Emails from Steve and I to Tunku Shahariah, the reporter who wrote the Star article “Honeyman feels the sting” about the endangered bee trees of Pedu Lake produced a gratifying response. She had already gone personally to Pedu Lake with the local forestry director, Kasim Osman, and Pak Teh to inspect the damage and this is her report.
No, the [bee tree] in your book is safe for now. Only one tree, located about 400m deep into the forest from the lakeside was marked for felling but after discovering that it is hollow inside, the culprits just abandoned the idea of sawing it down. However, Pak Teh claims that the bees are highly sensitive and have abandoned the tree after their habitat is disturbed. the others are still ok. That is according to Pak Teh. We have to rely on feedback from these honey hunters as the trees are located quite deep inside.
They now suspect the contractor building the hiway through the Reserve may have gone out of the surveyed boundaries to steal a few valuable trees. To cut the trees and get them out of the forest requires heavy machinery and the road crews had that. Several other trees were cut illegally. One of Pak Teh’s tualang trees, 400 meters from the road, was damaged and may not live. He says there is only one colony there now. Last year there were 20-25 hives there.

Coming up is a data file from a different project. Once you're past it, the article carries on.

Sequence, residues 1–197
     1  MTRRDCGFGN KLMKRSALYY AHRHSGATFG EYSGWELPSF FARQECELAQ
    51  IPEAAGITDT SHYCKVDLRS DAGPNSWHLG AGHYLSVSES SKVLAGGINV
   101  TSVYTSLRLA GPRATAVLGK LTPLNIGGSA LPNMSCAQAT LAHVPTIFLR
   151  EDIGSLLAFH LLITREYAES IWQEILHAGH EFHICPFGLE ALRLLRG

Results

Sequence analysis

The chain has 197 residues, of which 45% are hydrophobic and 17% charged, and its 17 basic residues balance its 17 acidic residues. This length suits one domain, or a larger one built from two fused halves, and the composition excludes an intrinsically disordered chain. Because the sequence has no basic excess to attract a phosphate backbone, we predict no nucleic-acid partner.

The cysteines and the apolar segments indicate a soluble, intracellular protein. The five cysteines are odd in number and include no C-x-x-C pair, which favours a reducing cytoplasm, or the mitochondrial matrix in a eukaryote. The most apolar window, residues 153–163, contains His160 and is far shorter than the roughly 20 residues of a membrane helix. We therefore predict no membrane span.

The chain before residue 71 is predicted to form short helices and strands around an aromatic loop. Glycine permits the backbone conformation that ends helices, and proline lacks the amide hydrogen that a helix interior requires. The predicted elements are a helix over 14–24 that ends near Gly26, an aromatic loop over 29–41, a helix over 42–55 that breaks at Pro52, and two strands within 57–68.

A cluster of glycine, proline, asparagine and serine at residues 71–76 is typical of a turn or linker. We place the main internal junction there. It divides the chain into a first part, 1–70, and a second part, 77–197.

That’s all that is known for now and Sharie promised to keep us posted. We drove through that area last February and saw the widening of the old road to Pedu Lake. There is a swath of cleared land on either side of the road, but it does not extend deep into the forest. That is the danger, we think. Once the road is built, it will be easier to take advantage of it for good as well as for poaching valuable trees.
Pedu Lake is on the brink of extinction